Listen to Italy 5, a woman in her 20s from the Lake Lugano area of northern Italy. Click or tap the triangle-shaped play button to hear the subject.
DATE OF BIRTH (DD/MM/YYYY): 1970s
PLACE OF BIRTH: Lecco, northern Italy, near Swiss border
OCCUPATION: graduate student
EDUCATION: university degree
AREA(S) OF RESIDENCE OUTSIDE REPRESENTATIVE REGION FOR LONGER THAN SIX MONTHS:
The subject spent time in Milan as a university student and then one year in Amsterdam and then traveled around the United States. At the time of recording, she was at the University of Kansas, in the United States.
OTHER INFLUENCES ON SPEECH:
She started studying English when she was 11. She went to a linguistic high school where she learned German, French and English.
RECORDED BY: Yuji Tsuboi and Paul Meier
DATE OF RECORDING (DD/MM/YYYY): 03/08/2000
PHONETIC TRANSCRIPTION OF SCRIPTED SPEECH: N/A
TRANSCRIBED BY: N/A
DATE OF TRANSCRIPTION (DD/MM/YYYY): N/A
ORTHOGRAPHIC TRANSCRIPTION OF UNSCRIPTED SPEECH:
I was born in Lecco, but I never live there. It’s just that is the place where my mother was born so she wanted to go back to where her family lives to bore the children. And I grew up in a little village very close to the border to Switzerland, kind of 10 kilometers to the Switzerland, the Italian part of the Switzerland where they speak Italian. And there is a little village on the lake of Lugano more or less four-thousand inhabitants, and I live there until I was a 19, then to go to the university. The nearest university for us is in Milan. So I had to move to Milan. And, ah, I studied there at the university. I studied the Italian literature, and, ah, during the university, I moved for one year in the Netherlands. And I have lived there one year in the Netherlands in Amsterdam because I attended one year of university there. And then, ah, when I finished my university I came here to the U.S. for two month because I wanted to, to take a Ph.D. here so I went, ah, I travel a little bit around the US visiting different universities and meeting with different professors. And, ah, then I went back to Italy. I work for one year in an advertising company while I was preparing of my application to come here. And then I received the news I entered. I’ve been admitted at the department of history for Ph.D. here at KU. And I moved in August ’99 year to Kansas. But I really miss Italy a lot. Haha, I come as I told from the real North of Italy where we pronounce the words very closed. For example, the lake close to where we live is the lake of Como, we say. We pronounce it Como while people from south of Italy would pronounce it Como, which is different. And, ah, my brother is telling that I’m started to pronounce all the vowel as people from south of Italy and, ah, I’m pronouncing the words of really open. And then, I feel that this was because of the pronunciation of here in Kansas. When I listen, I mean to the programs from the local television, when I talk to my students in class, when I talk to my other classmates, I mean it’s really open of the pronunciation. And that is, ah, I cannot hear in that; I mean I do not realize it, but it was not only my brother. My brother told me, a, you know, I was talking also with the other friends, and they told the same. You really started to change your pronunciation in Italia.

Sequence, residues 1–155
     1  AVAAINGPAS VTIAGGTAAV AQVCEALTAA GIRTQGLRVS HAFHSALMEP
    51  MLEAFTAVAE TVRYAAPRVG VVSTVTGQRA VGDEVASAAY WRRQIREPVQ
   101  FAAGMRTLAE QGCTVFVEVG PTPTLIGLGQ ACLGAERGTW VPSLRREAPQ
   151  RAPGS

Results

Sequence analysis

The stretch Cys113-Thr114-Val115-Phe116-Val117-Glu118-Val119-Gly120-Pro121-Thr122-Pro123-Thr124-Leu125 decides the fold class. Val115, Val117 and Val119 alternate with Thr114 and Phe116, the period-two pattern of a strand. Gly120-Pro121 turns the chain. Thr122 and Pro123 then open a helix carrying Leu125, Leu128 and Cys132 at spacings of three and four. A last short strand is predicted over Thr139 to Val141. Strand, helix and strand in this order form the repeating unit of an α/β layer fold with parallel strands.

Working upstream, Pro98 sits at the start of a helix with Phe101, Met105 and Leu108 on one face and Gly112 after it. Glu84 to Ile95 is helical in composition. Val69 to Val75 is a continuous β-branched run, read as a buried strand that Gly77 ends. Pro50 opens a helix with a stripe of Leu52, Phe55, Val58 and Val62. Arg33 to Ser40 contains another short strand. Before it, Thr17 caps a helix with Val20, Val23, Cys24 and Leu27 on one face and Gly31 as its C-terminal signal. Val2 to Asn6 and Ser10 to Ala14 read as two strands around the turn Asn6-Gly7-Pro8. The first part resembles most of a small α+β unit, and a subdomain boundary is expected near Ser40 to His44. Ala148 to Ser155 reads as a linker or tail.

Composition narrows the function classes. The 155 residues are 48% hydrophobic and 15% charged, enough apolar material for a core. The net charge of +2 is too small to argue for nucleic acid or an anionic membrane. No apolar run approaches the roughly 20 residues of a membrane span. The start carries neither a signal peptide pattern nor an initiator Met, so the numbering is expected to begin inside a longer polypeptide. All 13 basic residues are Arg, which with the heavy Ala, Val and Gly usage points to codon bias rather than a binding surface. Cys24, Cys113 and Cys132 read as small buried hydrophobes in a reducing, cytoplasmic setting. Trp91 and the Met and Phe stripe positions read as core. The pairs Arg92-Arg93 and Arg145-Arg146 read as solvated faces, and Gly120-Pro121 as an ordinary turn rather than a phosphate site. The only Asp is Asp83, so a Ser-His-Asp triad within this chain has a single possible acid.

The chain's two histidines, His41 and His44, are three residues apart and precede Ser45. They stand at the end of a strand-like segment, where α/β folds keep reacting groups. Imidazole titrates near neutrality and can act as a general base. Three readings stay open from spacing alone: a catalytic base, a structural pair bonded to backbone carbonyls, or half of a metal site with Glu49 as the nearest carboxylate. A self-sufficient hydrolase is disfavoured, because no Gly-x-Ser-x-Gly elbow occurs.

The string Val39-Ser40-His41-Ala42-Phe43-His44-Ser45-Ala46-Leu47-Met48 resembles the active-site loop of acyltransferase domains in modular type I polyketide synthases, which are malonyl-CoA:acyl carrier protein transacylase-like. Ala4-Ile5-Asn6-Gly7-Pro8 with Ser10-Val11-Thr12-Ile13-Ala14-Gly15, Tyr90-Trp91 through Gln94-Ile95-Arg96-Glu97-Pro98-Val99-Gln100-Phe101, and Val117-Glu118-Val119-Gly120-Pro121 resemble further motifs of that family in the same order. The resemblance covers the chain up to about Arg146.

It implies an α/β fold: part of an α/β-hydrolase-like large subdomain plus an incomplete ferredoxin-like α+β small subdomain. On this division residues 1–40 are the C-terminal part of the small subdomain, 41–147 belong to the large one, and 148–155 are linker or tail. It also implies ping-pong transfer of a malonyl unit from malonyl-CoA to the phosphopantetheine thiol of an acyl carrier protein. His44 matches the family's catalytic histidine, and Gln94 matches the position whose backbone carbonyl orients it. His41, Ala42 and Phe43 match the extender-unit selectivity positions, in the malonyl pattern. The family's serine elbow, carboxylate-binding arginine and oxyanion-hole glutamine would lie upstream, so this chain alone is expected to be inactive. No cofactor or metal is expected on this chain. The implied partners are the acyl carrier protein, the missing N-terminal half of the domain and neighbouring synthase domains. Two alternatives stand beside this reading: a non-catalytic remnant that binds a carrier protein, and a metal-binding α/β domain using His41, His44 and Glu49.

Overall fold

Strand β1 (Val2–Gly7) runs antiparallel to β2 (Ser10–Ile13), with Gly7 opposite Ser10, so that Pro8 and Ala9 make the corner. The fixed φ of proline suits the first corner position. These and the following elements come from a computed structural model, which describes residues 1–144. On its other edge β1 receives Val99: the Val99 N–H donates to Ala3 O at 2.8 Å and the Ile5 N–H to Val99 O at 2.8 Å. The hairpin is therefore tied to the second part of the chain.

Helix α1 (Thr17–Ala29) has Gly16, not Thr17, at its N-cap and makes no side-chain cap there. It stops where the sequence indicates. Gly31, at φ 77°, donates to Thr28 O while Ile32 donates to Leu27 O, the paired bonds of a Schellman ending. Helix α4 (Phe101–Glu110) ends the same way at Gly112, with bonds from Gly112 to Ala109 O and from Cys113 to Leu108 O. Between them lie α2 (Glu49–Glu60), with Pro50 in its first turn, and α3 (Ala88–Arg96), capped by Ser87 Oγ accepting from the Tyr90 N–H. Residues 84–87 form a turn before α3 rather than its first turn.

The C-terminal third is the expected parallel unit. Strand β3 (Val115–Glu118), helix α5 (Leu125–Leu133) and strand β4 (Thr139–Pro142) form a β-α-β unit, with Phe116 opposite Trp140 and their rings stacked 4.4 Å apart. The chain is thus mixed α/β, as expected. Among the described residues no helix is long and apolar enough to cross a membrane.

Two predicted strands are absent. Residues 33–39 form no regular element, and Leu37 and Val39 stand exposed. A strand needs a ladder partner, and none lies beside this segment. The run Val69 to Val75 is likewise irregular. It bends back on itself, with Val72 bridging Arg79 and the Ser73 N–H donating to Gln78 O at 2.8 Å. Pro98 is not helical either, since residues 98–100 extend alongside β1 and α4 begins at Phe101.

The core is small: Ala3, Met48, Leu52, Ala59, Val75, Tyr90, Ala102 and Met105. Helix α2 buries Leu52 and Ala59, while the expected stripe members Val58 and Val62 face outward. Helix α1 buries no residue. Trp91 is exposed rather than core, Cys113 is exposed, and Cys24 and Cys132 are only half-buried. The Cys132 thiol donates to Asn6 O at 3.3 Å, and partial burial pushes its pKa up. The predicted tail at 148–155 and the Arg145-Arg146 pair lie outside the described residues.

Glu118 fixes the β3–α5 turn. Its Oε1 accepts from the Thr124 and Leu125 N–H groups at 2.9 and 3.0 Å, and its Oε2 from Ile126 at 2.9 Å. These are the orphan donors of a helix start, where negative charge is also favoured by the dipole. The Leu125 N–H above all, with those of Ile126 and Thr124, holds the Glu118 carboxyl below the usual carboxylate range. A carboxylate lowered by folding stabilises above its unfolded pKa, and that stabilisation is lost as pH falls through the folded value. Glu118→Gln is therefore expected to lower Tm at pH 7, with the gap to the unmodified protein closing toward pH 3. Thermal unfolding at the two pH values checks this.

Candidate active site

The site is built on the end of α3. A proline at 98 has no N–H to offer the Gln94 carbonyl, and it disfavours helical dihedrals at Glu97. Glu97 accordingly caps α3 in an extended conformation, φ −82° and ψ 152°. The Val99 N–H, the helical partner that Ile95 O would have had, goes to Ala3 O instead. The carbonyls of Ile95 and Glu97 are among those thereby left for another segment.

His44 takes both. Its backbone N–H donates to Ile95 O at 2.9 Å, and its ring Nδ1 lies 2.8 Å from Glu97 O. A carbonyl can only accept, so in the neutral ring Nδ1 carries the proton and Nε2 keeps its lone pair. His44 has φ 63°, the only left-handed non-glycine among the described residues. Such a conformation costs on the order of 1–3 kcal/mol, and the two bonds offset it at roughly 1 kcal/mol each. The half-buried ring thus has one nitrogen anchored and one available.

[Subject speaks in Italian: Il nome del mio paese e’ Porlezza e si trova sul lago di Lugano. Porlezza e’ un paesino molto, molto bello perche’ si trova in fondo a una valle ed e’ circondato dalle Alpi, dalle montagne. Si trova sul lago di Lugano che e’ tutto in Svizzera tranne una piccolissima parte in Italia. E’ un posto estremamente isolato perche’ ci sono solo due strade che lo collegano al resto del mondo, e sono delle strade molto strette: da una parte c’e’ direttamente la montagna e dall’altra parte a strapiombo il lago.] [English translation:] The name of my village is Porlezza, and it is near the lake of Lugano. Porlezza is a little village: very, very beautiful, as it is located in a valley and it is surrounded by the Alps. It is near the lake of Lugano, which lies mostly in Switzerland, except for a small part that is in Italy. [Porlezza] is a very isolated place, as there are only two roads that connect it to the rest of the world, and both of them are very narrow; on one side there is directly the mountain, on the other side the lake.
TRANSCRIBED BY: Yuji Tsuboi (under the supervision of Paul Meier)
DATE OF TRANSCRIPTION (DD/MM/YYYY): 11/02/2008
PHONETIC TRANSCRIPTION OF UNSCRIPTED SPEECH: N/A
TRANSCRIBED BY: N/A
DATE OF TRANSCRIPTION (DD/MM/YYYY): N/A
Subject’s accent is quite strong. She demonstrates the difference between the Northern Italian and Southern Italian accents on the pronunciation of “Lake Como.” The intrusive schwa is quite evident.
If you are a dialect researcher, or an actor using this sample to develop your skill in the accent, please see my instruction manual at www.paulmeier.com. As the speaker in this sample is a unique individual, it is highly unlikely that she will conform to my analysis in every detail. But you will find it interesting and instructive to notice which of my “signature sounds” and “additional features” (always suggested only as commonly heard features of the accent) are widely used by most speakers of the accent, and which are subject to variation from individual to individual.
COMMENTARY BY: Paul Meier
DATE OF COMMENTARY (DD/MM/YYYY): 03/08/2000 (amended 13/11/2016)
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